Spending 48 hours in Roma, I was hard-pressed to find some interesting things to do and not waste my time on things I was not so keen on doing. From people declaring me outright crazy to the hostel owner who tried to give me a good overview of my “way too short” stay – I am forever thankful for all the input I received. And at the end of my time, 2 days in Rome turned out to be quite fabulous!
I also found various guides, which helped me a lot in getting my days sorted out. Find more information on How to Spend Two Perfect Days in Rome (Forbes), Rome in Two Days (Tutorisma) and 48 Hours in Rome (GoItaly.com). These even included lunch options, which was great, although I barely took advantage of them. I did however appreciate the evening dinner suggestions. I also found that I had a lot of time to explore other things, because the pace I was going at was a bit faster than suggested.
Where I stayed: Neki Hostel
Searching for a hostel in Rome turned out to be an almost nightmare. Not only did I deal with tons of inflated prices but I also had a hard time finding something in a decent area, from which I could venture out into the city. Neki Hostel was amazing, once I found it! Most advice I’ve gotten was to stay away from Termini Station and I have to say that is some good advice. It turns into a seedy pot at night.
The general idea behind Neki Hostel: It is a residential apartment converted into hostel rooms. Great idea for future business owners, I’d say. Not sure what the laws in Italy permit but if you’re able to pull it off, go for it. In addition to its great flair and amazing owner it was also in a great location: Perhaps a 20 minute walk from one of the oldest establishments – the Colosseum!
Best Thing to Get: the Roma Pass! It cost me 28 Euro, included a 2-day-subway ride ticket, entrance to a few major museums and sights, and reduced entrance to other museums and sights. Overall, not a bad deal, since a 2-day-subway-card already costs 14 Euros.
The Colosseum! After dropping my stuff off at the Hostel, I went ahead and walked up the road to one of the most impressive man-built installations. Hard to believe that this building is more than 2000 years old. Not to mention the surrounding fundaments around it. Lots of selfie-stick sellers and other vendors. I even got hit in the head by a Roman solider impersonator, who thought it would be funny to bounce his plastic sword off my head.
To get inside only took 10 minutes, really not bad at all considering the line looked way worse. I was able to take advantage of the Roma Pass here so entrance was free for me (otherwise it would have been 14 Euros). I strolled around the first deck and tried having a picture taken of me without anyone else’s head in between. A task that proved really hard, since you are literally cooped in with all the tourists. I’ve never seen as many tourists anywhere, not even in Times Square, and became annoyed quickly. I guess I am just not a person who loves the masses. I then went ahead to the second deck and took in the great view.
Off I went to the Foro Romano. I decided against standing in line and strolled past it (which gives you a great clue of what it looks, like, too) when walking over to the Piazza Venezia. It is here where you will find a great monument, white steps, and amazingly elaborate statues. Beware of sitting on the white steps, as a guard will drag you off almost immediately.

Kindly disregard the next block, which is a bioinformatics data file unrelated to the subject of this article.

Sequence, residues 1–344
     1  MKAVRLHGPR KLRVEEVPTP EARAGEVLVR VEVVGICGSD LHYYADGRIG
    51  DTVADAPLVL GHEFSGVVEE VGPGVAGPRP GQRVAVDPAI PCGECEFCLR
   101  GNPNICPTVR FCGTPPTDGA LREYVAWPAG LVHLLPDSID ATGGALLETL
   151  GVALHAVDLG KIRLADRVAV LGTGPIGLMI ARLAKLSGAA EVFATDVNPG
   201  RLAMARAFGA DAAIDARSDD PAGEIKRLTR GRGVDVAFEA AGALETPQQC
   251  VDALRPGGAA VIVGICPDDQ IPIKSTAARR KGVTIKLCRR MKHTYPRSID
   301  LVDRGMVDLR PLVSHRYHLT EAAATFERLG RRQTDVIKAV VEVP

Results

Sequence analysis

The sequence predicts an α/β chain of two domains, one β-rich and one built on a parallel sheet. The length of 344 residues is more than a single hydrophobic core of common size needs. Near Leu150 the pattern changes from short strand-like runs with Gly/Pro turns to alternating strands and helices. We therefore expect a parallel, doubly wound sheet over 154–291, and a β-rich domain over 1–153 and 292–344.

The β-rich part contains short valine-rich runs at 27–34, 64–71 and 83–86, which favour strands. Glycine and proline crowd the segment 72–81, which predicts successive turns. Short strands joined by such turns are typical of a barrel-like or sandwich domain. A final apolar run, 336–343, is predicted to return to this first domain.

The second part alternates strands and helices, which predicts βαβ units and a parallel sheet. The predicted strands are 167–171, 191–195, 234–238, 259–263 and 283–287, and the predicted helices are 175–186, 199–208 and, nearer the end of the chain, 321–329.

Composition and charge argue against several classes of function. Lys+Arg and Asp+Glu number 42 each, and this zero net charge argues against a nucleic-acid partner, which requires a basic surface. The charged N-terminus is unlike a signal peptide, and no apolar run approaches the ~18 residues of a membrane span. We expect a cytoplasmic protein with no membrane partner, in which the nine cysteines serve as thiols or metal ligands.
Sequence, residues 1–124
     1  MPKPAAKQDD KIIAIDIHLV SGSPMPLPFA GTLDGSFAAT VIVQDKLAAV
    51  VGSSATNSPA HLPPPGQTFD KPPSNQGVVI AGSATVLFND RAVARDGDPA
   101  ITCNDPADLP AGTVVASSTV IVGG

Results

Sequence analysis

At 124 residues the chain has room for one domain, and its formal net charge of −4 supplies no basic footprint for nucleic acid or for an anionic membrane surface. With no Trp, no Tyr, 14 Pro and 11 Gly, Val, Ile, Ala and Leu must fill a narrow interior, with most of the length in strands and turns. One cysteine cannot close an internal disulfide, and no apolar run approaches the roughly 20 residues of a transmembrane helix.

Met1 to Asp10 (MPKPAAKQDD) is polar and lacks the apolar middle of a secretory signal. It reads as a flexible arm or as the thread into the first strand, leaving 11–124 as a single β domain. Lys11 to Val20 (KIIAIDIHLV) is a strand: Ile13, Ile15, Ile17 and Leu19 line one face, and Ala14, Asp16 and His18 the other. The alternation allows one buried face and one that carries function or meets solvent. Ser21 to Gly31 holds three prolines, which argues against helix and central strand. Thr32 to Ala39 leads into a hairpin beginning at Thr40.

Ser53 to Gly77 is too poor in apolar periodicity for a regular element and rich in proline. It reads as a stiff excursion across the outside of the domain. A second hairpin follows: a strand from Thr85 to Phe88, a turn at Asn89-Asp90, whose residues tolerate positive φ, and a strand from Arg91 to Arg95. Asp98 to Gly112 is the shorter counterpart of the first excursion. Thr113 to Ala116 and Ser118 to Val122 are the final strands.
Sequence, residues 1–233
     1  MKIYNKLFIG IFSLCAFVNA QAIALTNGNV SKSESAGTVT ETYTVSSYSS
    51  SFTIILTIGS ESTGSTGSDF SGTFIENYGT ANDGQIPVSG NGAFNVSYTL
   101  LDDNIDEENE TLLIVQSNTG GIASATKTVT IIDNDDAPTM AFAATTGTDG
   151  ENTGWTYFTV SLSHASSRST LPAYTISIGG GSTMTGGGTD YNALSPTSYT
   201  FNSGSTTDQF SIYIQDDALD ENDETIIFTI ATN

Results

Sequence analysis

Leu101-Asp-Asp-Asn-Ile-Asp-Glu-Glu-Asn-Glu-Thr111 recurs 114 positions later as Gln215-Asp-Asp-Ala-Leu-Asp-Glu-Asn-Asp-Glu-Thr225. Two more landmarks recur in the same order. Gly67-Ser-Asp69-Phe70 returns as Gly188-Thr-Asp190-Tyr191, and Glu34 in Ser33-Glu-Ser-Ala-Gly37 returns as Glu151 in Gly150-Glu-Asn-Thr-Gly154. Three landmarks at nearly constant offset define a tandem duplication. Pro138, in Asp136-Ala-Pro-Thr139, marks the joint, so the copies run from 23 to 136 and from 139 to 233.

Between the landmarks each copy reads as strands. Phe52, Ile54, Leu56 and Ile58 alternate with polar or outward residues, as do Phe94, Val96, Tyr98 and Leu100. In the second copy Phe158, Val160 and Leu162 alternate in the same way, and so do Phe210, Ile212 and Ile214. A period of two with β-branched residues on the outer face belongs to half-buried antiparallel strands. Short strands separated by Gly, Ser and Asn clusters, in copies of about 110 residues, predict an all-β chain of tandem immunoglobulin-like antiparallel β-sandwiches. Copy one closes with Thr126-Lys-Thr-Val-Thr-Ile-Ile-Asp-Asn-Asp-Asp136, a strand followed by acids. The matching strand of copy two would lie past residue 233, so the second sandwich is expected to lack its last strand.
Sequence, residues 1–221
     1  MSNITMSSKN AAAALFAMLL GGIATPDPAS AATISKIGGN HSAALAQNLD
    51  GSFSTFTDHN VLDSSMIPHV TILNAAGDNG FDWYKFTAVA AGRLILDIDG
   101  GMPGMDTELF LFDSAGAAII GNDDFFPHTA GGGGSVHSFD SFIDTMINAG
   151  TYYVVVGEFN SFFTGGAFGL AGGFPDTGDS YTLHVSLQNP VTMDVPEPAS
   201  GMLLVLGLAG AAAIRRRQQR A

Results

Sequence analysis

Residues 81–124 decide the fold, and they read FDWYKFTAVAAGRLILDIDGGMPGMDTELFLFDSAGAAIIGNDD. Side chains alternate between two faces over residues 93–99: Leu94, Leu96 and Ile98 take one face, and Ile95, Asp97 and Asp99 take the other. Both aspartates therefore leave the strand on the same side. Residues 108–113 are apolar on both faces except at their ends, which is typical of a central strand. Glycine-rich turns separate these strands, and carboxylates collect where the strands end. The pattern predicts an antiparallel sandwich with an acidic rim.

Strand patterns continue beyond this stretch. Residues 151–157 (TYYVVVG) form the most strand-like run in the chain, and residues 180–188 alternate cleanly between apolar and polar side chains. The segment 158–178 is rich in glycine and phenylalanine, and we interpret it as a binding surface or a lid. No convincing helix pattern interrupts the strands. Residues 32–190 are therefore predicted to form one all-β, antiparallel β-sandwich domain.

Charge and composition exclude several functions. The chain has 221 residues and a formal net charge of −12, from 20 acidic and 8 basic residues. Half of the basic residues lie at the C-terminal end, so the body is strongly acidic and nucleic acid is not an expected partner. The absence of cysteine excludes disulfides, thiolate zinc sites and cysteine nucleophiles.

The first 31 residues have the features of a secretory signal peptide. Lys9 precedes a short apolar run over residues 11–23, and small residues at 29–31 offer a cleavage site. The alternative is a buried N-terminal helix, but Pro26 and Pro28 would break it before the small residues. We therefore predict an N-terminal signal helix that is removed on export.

The next task was to find more sights in the inner city, so on my way to the Pantheon I strolled through small streets and of course managed to get lost once again. Somehow I made it to the Trevi Fountain (which was under construction) and also some national parliament building called the Quirinale Palace. It is supposedly equivalent to the White House, as the current Italian president resides in it. It took a few steep hills and bends around curvy corners to make it there, so I have no clue how I ended up here. At last, I got to take the subway to the Piazza di Spagna, the Spanish Place with the Spanish Fountain. It is here where you will have glorious views of the city and where you can walk up and even sit on steep steps to take in a great sunset. That’s exactly what I did.
I then continued on doing some night photography close to the Pantheon until I finally settled for dinner at a restaurant around it. Here again, buying an entire carafe of vino was almost cheaper than bothering with a simple glass of red. I didn’t quite finish the wine but gave it to two German tourists sitting right next to me, who were pretty thankful.
I then strolled past the now dark streets and cherished the moments when tourists seemed to be getting ready for bed or weren’t out on the streets anymore. This was actually the only time of day I felt I was starting to appreciate Rome. I guess standing next to selfie-stick families or teenagers kinda did it to me. I also did not appreciate vendors constantly chasing the tourists so that they could get rid of their cheap stuff. But night-time changes almost everything and I had a pretty good time when I was out by myself and enjoying the peace. The small streets look pretty solemn in the shine of lanterns and lights.
How to Get Around:
I found walking quite easy but only if you have the right shoes. After the first day of walking around in ballet flats, I dealt with a pretty painful foot situation. If anything, subway rides are quite feasible, especially if you have to go larger distances, such as moving across the river to the Vatican. I did not have the opportunity of trying out the bus system but it seems like they run quite late. Subways run almost always, 2-10 minutes apart, depending on the time of day. Even late at night, the wait was never longer than 7 minutes. I am not sure if it shuts off at one point. Staying in an easily accessible area in Roma certainly helped when planning a route for all the sights.